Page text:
As far as theater is concerned, Shakespeare is dead. No longer interested in the meaning of the plays, the work of Shakespeare serves primarily as staged excuses to play Wild West, Civil War or a day at Coney Island dress-up, with plot playing second chair to playtime. But oddly enough, film has rediscovered the Bard and has been pumping new life into his work. Whether it's a full-on classical approach such as Trevor Nunn's Twelfth Night and Oliver Parker's Othello or a clever, modernized reworking like Ten Things I Hate About You, film audiences have been getting more sophisticated takes on the plays than playgoers.

The newest filmic retelling of a play, O, takes Othello out of Renaissance Venice and places the action in a prestigious private school in Charleston, S.C. There, Odin James (Mekhi Phifer), the lone African American in the student body, has become the star player on the school's basketball team. Odin has not only become the BMOC, he's dating the love of his life, Desi (Julia Stiles), daughter of the dean, and he's all but become his coach's surrogate son. But Coach Duke Goulding (Martin Sheen) already has a son, Hugo (Josh Hartnett), who is also on the basketball team. As with Iago, Hugo becomes blinded by jealousy of Odin and commits his life to ruining that of the young court hero.

Though this new concept could have been quite forced, if not
precious, screenwriter Brad Kaaya and director Tim Blake Nelson have created a taut, engaging work that completely honors the original text, while accomplishing something even more rare: making an intelligent film primarily aimed at young audiences. Nelson himself is a noted playwright and director, and achieved some small fame by directing the screen version of his haunting play, Eye of God. All of Nelson's work is based in intensive character studies, and so he pulls excellent performances from his relatively young cast.
As Odin, Phifer finely charts his character's descent from happiness into bloody madness. Hartnett's Hugo is equally powerful, as he deviously plans Odin's destruction. Though the "mysterious" motive for Iago's actions is here made more obvious by Hugo's desire to gain the love his father shows Odin, there are also the dropped hints of an unexamined passion for Odin that drives Hugo, just as there is in the original.

Another danger that Nelson and Kaaya avoid is insisting that O serve as a tract on race relations. Race certainly plays an important role, but less so than questions of class, a topic seldom explored in modern American culture. But O, at its source, is more interested in the dark cracks in men's souls that lead to tragedy. How many teen flicks have managed that? Q&A: Mekhi Phifer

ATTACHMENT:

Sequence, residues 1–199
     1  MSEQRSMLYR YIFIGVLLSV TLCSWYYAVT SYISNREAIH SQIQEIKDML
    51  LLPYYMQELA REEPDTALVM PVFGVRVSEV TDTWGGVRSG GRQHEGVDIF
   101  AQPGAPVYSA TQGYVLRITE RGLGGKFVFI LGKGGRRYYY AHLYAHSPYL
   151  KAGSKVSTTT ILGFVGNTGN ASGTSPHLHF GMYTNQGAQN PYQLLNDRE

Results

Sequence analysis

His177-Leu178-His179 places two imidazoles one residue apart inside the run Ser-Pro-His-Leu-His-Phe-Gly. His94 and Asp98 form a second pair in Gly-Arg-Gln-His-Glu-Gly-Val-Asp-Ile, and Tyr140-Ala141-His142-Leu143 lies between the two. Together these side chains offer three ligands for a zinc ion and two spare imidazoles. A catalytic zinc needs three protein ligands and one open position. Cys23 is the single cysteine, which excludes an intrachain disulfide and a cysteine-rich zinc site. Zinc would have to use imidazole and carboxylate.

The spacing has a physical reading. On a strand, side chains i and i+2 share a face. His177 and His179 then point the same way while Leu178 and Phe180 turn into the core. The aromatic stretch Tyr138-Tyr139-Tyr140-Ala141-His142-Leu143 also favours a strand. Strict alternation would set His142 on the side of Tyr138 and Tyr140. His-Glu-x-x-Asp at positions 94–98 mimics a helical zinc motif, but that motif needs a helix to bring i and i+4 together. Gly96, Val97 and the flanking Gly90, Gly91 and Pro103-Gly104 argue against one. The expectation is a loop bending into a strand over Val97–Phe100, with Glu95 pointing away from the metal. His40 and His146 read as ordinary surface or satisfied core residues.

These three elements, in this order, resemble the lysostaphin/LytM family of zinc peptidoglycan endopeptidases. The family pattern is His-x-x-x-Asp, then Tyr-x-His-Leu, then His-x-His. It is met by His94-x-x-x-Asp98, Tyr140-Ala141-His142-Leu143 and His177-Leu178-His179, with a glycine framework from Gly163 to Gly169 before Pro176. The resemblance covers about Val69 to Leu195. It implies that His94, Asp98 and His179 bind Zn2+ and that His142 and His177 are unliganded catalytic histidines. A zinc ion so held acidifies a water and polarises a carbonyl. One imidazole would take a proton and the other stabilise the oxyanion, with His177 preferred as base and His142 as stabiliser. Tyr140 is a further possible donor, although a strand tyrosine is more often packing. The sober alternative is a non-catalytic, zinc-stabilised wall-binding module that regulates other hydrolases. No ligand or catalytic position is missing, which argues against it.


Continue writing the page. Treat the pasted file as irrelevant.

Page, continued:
Willamette Week interviews the star of O.


David Walker: At first, the premise of O--a modern retelling of Othello, set in a high school, with the central character a basketball player--sounds pretty stupid. What did you think when director Tim Blake Nelson first approached you?

Mekhi Phifer: What attracted me to the project was the script. The script was so dope, and it followed the Othello story to a T, and Tim is a very knowledgeable director-actor. Just feeling his passions helped me know I wanted to do this.

To me, Othello is the tale of a black man who is punished for overstepping his boundaries in white society. Is that how you perceive the story?

There's those undertones of the racial situation, but the forefront of the story is about love, and one jealous man...who wanted to destroy that love and to not see this individual--who is clearly a hawk, in a sense--win.

How do you think fans of Shakespeare's original version will react to your interpretation?

With this adaptation, people may have a harder time grasping it, because it hits them right at home--it's modern day, modern-day language. That could be their son or daughter in that situation. They're not used to seeing young black males with that much emotion, with that much love, with that much power.

Is it true there has been concern about releasing the movie because of its violent content?

At the end of the day, Othello, the tragedy, has the same amount of violence. You know what I'm saying? It's the same amount of shit. It's just that this touches them at home because it's a younger cast.

What do you think is the difference between O and, not just other recent Shakespeare-inspired films like Ten Things I Hate About You, but other films geared toward teen audiences?

Most of the Shakespearean renditions have more or less had comedic undertones. This doesn't have one ounce of that. To me, the teen movies that are out now, I'll never do. They're very condescending in nature. They don't give teens the credit of having human emotions--of having grown folks' emotions. They think all teens want to watch is stupid comedies of them trying to fuck all day. That's just not the case.

Rated R

Director Tim Blake Nelson played Delmar, one of the three fugitives, in Joel and Ethan Coen's O Brother, Where Art Thou?.